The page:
Archenemy nicely compensates for its budget with some bits of visual aplomb, but it amounts to little as the film frustratingly spends most of its time with its least interesting characters.
Since everything is a superhero movie now, there’s even a sort of cottage industry of dark, indie takes on the genre. You’ve got your Chronicles, your Brightburns, and so forth. Most of them are pretty same-y, but occasionally something relatively inspired pops up, which makes the strange existence of Archenemy all the more frustrating.
Meet Max Fist. Yes, his name is Max Fist. When we first meet Max (Joe Manganiello), he’s the protector of his world, some extra-dimensional place called Chromium, and he’s doing battle with his nemesis (some might say…archenemy) Cleo (REDACTED). They battle each other out of a very high window in a very tall building and fall through a rift in space-time. Cut to: Los Angeles. Here, Max is an unhoused alcoholic who, when he’s not drowning in booze, will tell anyone willing to listen about his past as a superhero. He finds a welcome audience in Hamster (Skylan Brooks), a youngster attempting to break into viral social media, and who suspects he might have just discovered some grist for his would-be content mill. Meanwhile, Hamster’s sister Indigo (Zolee Griggs) is a low-level drug dealer who’s just ripped off her boss, The Manager (Glenn Howerton). Seems unwise, but there has to be something to disguise as a plot, so we’ll allow it.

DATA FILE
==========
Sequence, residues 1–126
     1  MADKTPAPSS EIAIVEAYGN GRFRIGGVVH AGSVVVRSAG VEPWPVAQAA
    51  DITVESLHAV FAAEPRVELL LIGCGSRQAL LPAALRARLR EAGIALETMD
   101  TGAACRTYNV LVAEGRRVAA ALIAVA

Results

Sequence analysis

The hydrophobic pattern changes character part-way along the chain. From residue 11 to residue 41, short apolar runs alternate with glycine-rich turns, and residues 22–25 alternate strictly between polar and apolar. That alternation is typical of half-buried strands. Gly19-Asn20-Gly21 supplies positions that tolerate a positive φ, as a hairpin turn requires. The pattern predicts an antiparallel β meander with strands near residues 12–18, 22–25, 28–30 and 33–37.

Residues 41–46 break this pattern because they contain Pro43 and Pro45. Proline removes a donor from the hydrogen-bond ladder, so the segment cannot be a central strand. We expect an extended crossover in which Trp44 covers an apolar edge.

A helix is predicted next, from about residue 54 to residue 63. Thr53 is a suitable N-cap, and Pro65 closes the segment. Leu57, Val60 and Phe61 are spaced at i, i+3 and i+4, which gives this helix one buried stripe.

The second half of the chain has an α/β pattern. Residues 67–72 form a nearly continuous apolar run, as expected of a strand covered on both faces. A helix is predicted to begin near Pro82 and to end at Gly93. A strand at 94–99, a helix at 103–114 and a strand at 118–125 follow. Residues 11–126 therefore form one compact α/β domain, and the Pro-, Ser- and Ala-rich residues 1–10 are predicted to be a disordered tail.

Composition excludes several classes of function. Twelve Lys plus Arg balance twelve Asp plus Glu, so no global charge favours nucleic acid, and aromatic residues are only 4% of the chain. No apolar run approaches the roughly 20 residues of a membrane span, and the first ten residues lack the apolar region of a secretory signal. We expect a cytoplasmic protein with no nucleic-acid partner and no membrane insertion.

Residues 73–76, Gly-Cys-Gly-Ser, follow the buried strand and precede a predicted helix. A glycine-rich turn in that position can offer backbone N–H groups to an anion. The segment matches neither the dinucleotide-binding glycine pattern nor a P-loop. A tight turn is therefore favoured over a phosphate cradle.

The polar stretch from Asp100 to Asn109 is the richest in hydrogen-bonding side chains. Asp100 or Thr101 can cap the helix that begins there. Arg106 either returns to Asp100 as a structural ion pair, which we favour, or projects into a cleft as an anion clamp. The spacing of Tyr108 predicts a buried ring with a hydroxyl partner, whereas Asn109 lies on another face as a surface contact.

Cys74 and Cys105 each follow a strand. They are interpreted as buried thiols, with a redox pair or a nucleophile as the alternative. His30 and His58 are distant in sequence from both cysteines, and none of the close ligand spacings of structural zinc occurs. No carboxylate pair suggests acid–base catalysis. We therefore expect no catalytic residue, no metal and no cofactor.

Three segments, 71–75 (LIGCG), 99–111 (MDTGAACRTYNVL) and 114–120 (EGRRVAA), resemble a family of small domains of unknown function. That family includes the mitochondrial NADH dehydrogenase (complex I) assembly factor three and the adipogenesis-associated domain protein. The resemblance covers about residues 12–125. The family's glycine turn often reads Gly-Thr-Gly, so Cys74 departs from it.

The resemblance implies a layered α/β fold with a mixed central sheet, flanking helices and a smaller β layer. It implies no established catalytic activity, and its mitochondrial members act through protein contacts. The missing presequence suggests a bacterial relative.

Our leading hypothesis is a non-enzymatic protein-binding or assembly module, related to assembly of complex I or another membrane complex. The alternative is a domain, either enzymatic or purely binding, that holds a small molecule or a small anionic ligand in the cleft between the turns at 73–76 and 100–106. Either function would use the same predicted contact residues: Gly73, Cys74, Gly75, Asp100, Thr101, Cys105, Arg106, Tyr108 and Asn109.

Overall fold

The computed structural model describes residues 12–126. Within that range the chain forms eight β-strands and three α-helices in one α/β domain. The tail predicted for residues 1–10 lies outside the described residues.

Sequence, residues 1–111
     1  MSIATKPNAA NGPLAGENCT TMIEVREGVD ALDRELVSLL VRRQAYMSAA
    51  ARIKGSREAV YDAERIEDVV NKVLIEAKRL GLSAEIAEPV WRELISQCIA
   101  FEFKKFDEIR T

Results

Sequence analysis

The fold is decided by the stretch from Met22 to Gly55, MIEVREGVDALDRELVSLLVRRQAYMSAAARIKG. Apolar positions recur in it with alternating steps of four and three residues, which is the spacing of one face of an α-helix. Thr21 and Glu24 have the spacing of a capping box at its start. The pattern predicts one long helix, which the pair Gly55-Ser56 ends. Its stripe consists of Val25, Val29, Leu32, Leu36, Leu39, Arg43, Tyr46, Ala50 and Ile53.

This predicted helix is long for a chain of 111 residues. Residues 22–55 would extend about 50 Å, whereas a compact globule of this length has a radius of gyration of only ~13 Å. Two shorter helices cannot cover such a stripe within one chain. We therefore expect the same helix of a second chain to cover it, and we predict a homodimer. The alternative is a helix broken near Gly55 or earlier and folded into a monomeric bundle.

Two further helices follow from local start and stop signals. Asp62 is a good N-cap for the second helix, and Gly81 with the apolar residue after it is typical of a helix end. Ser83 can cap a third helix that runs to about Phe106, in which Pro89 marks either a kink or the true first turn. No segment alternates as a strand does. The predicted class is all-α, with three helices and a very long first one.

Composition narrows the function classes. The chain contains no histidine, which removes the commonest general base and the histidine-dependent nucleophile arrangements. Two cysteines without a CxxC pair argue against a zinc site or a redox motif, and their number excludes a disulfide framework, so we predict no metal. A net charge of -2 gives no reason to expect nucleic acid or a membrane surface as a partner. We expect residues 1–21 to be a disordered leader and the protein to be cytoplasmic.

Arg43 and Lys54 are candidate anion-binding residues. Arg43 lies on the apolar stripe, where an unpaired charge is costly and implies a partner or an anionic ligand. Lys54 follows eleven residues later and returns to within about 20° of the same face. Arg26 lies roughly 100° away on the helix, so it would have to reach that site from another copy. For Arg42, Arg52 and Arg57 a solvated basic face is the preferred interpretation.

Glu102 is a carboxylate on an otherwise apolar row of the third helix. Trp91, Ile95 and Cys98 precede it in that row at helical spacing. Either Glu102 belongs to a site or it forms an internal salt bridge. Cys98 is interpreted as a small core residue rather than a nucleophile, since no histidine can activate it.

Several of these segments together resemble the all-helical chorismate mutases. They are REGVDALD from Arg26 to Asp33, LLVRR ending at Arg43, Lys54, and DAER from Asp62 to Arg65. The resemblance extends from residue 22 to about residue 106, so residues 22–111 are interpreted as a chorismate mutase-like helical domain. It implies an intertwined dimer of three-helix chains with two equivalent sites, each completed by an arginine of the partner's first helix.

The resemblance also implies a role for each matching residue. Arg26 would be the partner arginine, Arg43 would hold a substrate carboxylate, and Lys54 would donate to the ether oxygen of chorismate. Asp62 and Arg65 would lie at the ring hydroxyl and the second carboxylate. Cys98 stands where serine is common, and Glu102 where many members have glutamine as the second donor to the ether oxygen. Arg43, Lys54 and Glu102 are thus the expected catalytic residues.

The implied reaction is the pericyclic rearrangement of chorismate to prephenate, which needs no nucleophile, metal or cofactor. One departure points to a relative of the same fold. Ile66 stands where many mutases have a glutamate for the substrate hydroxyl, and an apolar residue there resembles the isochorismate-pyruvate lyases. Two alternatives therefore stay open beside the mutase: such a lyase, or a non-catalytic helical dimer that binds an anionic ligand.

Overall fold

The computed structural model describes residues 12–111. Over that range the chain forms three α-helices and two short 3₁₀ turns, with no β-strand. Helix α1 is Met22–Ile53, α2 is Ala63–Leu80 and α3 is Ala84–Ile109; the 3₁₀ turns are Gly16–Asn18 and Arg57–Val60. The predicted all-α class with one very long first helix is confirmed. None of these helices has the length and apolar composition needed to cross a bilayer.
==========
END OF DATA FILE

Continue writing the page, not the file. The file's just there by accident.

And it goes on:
The question of Max’s actual provenance could only go one of two ways, but any tension behind that question is mostly diluted because the very idea that Hamster might honestly believe his superhero claims makes him seem, well, stupid. On the other hand, if Hamster is merely trying to get a good story to go viral, then he’s exploiting a homeless alcoholic in imminent mental crisis for clickbait, which makes him a remarkable kind of asshole. Worse, although Manganiello is doing some decent lifting — someone please cast him as Randy Savage in a Macho Man movie — Max is largely sidelined by Hamster’s and Indigo’s throughlines, and so we spend most of the movie with its least interesting characters. One wishes there was more time to hang out with the mumble-mouthed Max and also Howerton’s The Manager, who is clearly having a ball as a vicious gangster, and let’s not forget the late reappearance of REDACTED, who’s always a welcome presence.
Director Adam Egypt Mortimer (now that’s a cool name) keeps the narrative pleasingly oblique and thankfully mostly bereft of conventional superheroics or obligatory special effects; instead, there are a ton of flashbacks to Max’s time on Chromium that are depicted in dopey animated sequences covering for a low budget. Credit where it’s due though, the film has a lovely, splashy color palette of bright blues, reds, and purples, and when the action does heat up, Mortimer displays some distinct ingenuity, specifically in a slow-motion close quarters fist/gun fight. But ultimately, while Archenemy is quite a massive swing, and you love to see it, it’s just as big a miss, which, well, you know.